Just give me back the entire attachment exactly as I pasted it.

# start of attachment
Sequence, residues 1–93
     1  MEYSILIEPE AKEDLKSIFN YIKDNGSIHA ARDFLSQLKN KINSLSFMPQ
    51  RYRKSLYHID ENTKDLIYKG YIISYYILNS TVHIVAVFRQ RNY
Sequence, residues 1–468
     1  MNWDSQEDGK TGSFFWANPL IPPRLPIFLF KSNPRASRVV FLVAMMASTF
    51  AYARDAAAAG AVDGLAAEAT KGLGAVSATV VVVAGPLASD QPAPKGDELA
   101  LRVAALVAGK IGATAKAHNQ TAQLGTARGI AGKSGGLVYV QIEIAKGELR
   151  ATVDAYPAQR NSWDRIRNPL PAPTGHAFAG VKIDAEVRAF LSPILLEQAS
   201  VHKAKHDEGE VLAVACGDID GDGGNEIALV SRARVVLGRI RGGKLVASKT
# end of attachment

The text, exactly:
Sequence, residues 1–93
     1  MEYSILIEPE AKEDLKSIFN YIKDNGSIHA ARDFLSQLKN KINSLSFMPQ
    51  RYRKSLYHID ENTKDLIYKG YIISYYILNS TVHIVAVFRQ RNY
Sequence, residues 1–468
     1  MNWDSQEDGK TGSFFWANPL IPPRLPIFLF KSNPRASRVV FLVAMMASTF
    51  AYARDAAAAG AVDGLAAEAT KGLGAVSATV VVVAGPLASD QPAPKGDELA
   101  LRVAALVAGK IGATAKAHNQ TAQLGTARGI AGKSGGLVYV QIEIAKGELR
   151  ATVDAYPAQR NSWDRIRNPL PAPTGHAFAG VKIDAEVRAF LSPILLEQAS
   201  VHKAKHDEGE VLAVACGDID GDGGNEIALV SRARVVLGRI RGGKLVASKT